After 14 years, retrial frees man in rape caseBy CARY DAVIS, Times Staff Writer
© St. Petersburg Times
published November 17, 2002
NEW PORT RICHEY -- Michael Porter paused at the courthouse door, his blue eyes tinged red from all the crying. A jury had just acquitted him of rape, and now here he was, at 12:30 a.m. Saturday, just a few feet and a glass door away from freedom.
He stared out into the misty night, at the trees and headlights of passing cars. A court bailiff said, "Okay, Michael, you can go." But for Porter, 42, it wasn't that simple.
"I've been waiting for this for 14 years," he said in a thick, Texas twang. "Now I'm scared to walk out that door."
Fourteen years. That's how long Porter had been in prison until his trial last week in a New Port Richey courtroom. In 1988, a Pasco jury convicted him on multiple charges of sexual battery in connection with the rape of a nurse at a Holiday motel. A judge sentenced him to life in prison.
But this February, a federal appeals court in Atlanta ordered a new trial. Two police reports, produced by the Pasco County Sheriff's Office, had never been turned over to the defense prior to the 1988 trial. That, the appeals court said, was a "highly disturbing" violation of discovery rules.
The six jurors who considered Porter's fate last week could not be told about the history of the case, the 1988 conviction, the years in prison.
After the verdict, they found out. Juror Tina Chandler, who had smiled at Porter as she left the courtroom, reacted with shock at the news. Her knees buckled, and she began to cry.
"He was probably a guilty man . . .," she said. "I knew it."
But Chandler and jury foreman Richard Duncan said they did not have enough evidence to convict him. The victim's testimony, they said, was filled with inconsistencies they could not overlook.
"We had to do our duty . . . based on the facts and the evidence that we had," Duncan said. "We needed more evidence."
In fact, prosecutors had planned to offer more evidence against Porter.
Porter's ex-wife was prepared to testify that she had endured an attack similar to the rape of the nurse. At the 1988 trial, she testified that Porter used a belt to choke her during a brutal attack. The nurse, now a 65-year-old woman, testified last week that the rapist had used a leather Western belt in a similar fashion.
No appeals court had ever questioned the prosecution's use of Susan Porter's testimony at the first trial. But last week, Circuit Judge W. Lowell Bray ruled that prosecutors could not elicit that testimony from Susan Porter. The two incidents, the judge said, were not enough alike to show a pattern of behavior.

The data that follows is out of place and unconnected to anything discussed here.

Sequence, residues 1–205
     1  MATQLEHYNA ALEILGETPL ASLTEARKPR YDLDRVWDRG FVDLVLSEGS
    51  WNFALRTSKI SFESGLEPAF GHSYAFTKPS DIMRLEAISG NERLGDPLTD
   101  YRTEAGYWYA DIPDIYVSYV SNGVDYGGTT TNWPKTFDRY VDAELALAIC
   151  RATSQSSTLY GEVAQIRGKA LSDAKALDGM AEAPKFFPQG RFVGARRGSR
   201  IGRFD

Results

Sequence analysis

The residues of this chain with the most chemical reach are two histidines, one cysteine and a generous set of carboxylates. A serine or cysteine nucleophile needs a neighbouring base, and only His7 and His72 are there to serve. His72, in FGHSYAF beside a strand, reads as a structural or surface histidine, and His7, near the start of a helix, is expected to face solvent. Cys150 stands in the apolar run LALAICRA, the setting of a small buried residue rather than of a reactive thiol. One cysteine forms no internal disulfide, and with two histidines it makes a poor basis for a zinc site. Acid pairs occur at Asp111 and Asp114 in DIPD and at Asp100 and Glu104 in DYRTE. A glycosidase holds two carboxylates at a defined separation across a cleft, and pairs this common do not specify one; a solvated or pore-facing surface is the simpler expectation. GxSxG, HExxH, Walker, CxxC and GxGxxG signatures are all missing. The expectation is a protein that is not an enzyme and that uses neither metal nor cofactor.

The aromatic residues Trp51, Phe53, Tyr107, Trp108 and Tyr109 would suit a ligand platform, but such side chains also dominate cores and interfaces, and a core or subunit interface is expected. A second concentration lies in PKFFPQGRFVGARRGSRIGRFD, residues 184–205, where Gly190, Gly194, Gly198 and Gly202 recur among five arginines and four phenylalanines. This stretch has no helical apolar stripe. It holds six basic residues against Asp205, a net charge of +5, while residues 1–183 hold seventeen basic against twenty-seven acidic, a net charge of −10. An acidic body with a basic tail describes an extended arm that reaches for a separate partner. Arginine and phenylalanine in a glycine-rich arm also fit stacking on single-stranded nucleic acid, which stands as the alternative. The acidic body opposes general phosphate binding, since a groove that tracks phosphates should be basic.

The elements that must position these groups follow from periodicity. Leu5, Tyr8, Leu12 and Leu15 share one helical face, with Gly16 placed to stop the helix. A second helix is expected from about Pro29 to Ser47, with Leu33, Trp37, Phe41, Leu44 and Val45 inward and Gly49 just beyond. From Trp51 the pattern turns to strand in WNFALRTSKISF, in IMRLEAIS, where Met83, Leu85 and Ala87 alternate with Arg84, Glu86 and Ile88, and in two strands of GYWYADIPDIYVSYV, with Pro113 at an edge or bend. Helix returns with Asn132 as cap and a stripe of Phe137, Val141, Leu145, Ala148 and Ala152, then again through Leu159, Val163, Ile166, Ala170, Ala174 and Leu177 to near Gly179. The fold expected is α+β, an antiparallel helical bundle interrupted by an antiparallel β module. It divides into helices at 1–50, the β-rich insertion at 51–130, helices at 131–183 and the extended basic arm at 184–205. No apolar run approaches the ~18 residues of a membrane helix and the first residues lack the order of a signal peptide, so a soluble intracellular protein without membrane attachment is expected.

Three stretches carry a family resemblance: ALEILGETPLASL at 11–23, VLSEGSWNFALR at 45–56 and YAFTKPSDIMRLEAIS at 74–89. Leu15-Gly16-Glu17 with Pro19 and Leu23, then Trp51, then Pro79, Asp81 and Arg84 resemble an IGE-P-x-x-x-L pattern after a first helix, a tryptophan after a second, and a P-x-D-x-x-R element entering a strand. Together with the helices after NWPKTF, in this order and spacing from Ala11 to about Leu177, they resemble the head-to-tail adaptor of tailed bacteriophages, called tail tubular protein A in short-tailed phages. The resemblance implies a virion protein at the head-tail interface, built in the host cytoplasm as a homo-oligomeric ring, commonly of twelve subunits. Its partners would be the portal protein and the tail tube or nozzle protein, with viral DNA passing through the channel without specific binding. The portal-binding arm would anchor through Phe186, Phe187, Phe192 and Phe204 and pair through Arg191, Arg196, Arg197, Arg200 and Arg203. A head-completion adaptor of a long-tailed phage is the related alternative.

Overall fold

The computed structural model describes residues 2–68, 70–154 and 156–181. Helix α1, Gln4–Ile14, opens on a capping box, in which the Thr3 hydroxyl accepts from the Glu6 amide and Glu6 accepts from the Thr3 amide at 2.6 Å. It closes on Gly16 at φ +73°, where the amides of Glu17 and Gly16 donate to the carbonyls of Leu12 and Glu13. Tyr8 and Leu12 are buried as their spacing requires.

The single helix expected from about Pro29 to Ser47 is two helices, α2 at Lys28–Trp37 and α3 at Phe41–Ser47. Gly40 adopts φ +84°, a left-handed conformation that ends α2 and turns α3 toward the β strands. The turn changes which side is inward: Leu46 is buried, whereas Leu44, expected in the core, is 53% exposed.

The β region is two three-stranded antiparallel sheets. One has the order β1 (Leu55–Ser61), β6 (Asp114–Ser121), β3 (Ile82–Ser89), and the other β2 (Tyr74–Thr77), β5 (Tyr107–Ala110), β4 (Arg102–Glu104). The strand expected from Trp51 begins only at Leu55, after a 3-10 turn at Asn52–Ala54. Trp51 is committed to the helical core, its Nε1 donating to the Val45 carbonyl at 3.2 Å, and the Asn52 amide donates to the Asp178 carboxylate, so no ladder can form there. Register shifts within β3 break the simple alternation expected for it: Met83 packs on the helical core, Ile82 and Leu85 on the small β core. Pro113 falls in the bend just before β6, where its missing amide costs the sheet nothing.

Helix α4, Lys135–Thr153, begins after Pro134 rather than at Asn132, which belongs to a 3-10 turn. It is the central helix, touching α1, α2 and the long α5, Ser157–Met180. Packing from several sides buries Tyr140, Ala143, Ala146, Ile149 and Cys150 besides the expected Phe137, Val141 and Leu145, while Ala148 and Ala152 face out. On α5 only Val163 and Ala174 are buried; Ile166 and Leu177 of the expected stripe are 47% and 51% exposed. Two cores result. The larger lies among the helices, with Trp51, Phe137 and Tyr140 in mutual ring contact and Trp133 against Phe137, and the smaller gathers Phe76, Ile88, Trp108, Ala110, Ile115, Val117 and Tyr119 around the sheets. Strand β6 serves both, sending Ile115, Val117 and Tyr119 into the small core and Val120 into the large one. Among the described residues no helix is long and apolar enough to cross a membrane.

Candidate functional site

"I'm sorry that the judge saw it necessary to suppress evidence from a key witness," the victim said after the verdict.
Prosecutor Scott Andringa built his case around the victim's unequivocal courtroom identification of Porter as the rapist. He also relied on a Marlboro cigarette butt found on the kitchen floor of the victim's room at the La-Rue Motel on U.S. 19. Tests showed that DNA patterns on the cigarette matched samples taken from Porter.
Andringa declined to comment on the verdict.
Defense attorney John Swisher urged jurors to reject the state's evidence. The victim's identification of Porter cannot be trusted, he said.
In the hours following the rape, she told investigators that she never got a look at her attacker's face.
But the rough description she provided that night, Swisher argued, fit neatly with the height, weight and age of a second suspect in the case. The issue of the second suspect, Tony Hawkins, never came up at the first trial. His name did not surface until 1994, when an investigator working for Porter discovered two police reports among case records at the Pasco County Sheriff's Office. Hawkins died in 1990.
The victim's first identification of Porter came at a 1987 pretrial hearing. She has not wavered since.
She testified in this trial that she knew all along that Porter was the rapist, but fearing for her safety, she waited until he was arrested before identifying him. She said that during the attack, he threatened to kill her if she ever identified him.
"I've always felt safe with him behind bars," she said. "Now, I don't feel safe at all."
At the 1988 trial, the victim said that Porter, who stayed briefly at the motel, had never been in her room before the attack. Last week, though, she said Porter had visited her room a week before the June 1987 rape, and the two had talked briefly.
Porter took the stand on Friday and testified that he was at a Hudson home during the time of the rape. Yes, he said, he smoked Marlboros, but he doesn't know how one of his cigarettes ended up in the victim's room. He said he had never been in the room, although he had seen the victim around the motel. It was Porter, in fact, who asked that a DNA test be conducted on the cigarette, which was mentioned in the police reports discovered in 1994 and had never been an issue until then.
Asked what was on his mind now that he was finally a free man, he said, "Getting the hell up on out of here, away from this courthouse."
"It's not even reality yet," he said. "I waited 14 years for this new trial, okay . . . And the idea they would have found me guilty again . . ."
His voice trailed off. He hugged his fiancee, a woman who gave her name as Mary Porter.
"When you're falsely accused and in prison for something you didn't do," he said, "you get the determination to keep going."
And then he drove away. He said he was headed to the county jail in Land O'Lakes, where he was held during the trial, to pick up his belongings. Beyond that, he had no definite plans.
"I think I'm going to do just fine."
-- Cary Davis covers courts in west Pasco County. He can be reached in west Pasco at 869-6236, or toll-free at 1-800-333-7505, ext. 6236. His e-mail address is firstname.lastname@example.org .
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